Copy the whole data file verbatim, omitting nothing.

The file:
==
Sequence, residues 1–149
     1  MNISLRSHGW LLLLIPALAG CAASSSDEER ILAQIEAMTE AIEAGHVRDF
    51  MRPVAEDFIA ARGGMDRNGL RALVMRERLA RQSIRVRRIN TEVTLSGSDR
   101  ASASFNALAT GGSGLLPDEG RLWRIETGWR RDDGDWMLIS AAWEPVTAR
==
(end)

Sequence, residues 1–149
     1  MNISLRSHGW LLLLIPALAG CAASSSDEER ILAQIEAMTE AIEAGHVRDF
    51  MRPVAEDFIA ARGGMDRNGL RALVMRERLA RQSIRVRRIN TEVTLSGSDR
   101  ASASFNALAT GGSGLLPDEG RLWRIETGWR RDDGDWMLIS AAWEPVTAR